UCSD-TV: What sparked your love of chamber music?
CHRISTOPHER BEACH: My grandparents and great grandmother would have dinner parties where they and their friends would play chamber music, so as a child it was the very first music I heard. I have loved it since before I could remember.
UCSD-TV: Do you have a favorite composer?
CB: Every day my favorite composer changes, sometimes two or three times a day. The Goldberg Variations is always one of the pieces at the top. A month ago I was fixated by John Ireland. Elgar reminds me of my grandfather. Liszt and Chopin remind me of my great grandmother and my mother loved Sibelius. Grieg and I share a birthday (June 15th). And then there is opera. I worked for various opera companies for more than 15 years and Rigoletto, all Verdi, Strauss, Strauss, Strauss…you see, it is impossible to answer this question.
UCSD-TV: What piece of music could you listen to over and over?
CB: All of the above, but I love the three Mozart/DaPonte operas. They tell the story of life. Having just heard again the Vingt regards sur L’Enfant Jesus by Messian, I know it is one of the great works of the 20th Century.
UCSD-TV: What is your favorite Summerfest moment from seasons past?
CB: Last summer’s performance by Jimmy and Hai-Ye Ni and John Bruce Yeh, and Christopher Taylor of Messiaen’s Quartet for the End of Time…although Jacques Loussier’s performance and the Milone Piazzolla Suite were unforgettable.
UCSD-TV: What is the biggest challenge in putting on Summerfest every year?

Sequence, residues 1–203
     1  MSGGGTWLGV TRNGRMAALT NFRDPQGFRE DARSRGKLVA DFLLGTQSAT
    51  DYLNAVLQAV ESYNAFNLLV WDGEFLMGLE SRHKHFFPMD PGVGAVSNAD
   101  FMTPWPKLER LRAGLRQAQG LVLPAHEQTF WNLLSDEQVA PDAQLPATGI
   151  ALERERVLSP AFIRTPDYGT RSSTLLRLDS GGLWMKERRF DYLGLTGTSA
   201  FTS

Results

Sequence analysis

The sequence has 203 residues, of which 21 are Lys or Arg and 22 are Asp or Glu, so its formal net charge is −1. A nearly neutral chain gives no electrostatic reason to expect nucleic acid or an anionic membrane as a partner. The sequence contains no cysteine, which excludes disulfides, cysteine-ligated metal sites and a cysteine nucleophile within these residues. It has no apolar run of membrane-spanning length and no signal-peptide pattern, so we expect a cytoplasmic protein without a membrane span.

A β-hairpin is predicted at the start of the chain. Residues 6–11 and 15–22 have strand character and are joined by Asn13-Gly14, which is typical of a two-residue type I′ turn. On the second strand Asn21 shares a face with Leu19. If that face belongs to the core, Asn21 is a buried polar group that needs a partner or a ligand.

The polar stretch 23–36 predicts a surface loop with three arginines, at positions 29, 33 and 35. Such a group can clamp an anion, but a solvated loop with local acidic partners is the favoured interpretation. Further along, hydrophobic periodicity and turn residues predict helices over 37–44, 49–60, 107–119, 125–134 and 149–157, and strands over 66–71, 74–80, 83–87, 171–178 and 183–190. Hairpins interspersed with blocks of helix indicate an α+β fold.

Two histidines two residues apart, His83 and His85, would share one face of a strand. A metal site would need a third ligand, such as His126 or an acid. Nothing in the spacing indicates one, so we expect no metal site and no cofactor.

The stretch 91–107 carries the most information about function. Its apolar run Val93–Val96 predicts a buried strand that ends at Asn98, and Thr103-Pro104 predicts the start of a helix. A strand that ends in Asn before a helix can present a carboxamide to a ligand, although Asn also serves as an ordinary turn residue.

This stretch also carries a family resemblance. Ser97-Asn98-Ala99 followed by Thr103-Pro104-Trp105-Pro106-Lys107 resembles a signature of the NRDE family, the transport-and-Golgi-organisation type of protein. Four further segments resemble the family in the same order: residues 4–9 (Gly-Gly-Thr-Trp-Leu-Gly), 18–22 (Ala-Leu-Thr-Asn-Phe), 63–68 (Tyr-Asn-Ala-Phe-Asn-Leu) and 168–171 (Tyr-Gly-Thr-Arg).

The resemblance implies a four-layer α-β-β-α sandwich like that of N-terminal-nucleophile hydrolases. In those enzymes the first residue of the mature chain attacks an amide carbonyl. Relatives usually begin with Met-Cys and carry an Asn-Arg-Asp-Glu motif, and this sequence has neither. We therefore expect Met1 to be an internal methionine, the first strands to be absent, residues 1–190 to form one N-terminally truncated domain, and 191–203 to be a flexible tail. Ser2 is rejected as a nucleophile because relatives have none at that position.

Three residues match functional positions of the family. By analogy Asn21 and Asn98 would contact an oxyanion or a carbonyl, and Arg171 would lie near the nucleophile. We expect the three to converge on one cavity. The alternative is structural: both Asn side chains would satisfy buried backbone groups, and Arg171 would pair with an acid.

CB: It is like a triple decker chess game. Artists’ availabilities, repertory artists would play well, who would play well together, what would sell tickets, and what can challenge the audience and yet not challenge them too much.
UCSD-TV: Summerfest is not just about great performances. So many of the events focus on educating the audience and sharing knowledge. Could you tell us a bit more about these activities and why they are so important to the chamber music community?
CB: Chamber music has more layers and more depth than any other instrumental music and yet, at the same time it is so transparent because it is so intimate. We have open rehearsals with the artist, Prelude lectures, artist workshops, and Encounters during the day that provide a context for all of the performances. I guarantee any of our audience members that if they partake of these free offerings they will leave the concert hall richer and with an even more memorable performance.
UCSD-TV: What can the viewing audience expect from the new season of Summerfest programs?
CB: Mendelssohn, Handel, Haydn and Purcell all celebrate anniversaries in 2009.
UCSD-TV: 2009 marks the 40th anniversary of the La Jolla Music Society. How will you celebrate?
CB: With Gustavo Dudamel, four great international women pianists, more dance than ever, and champagne.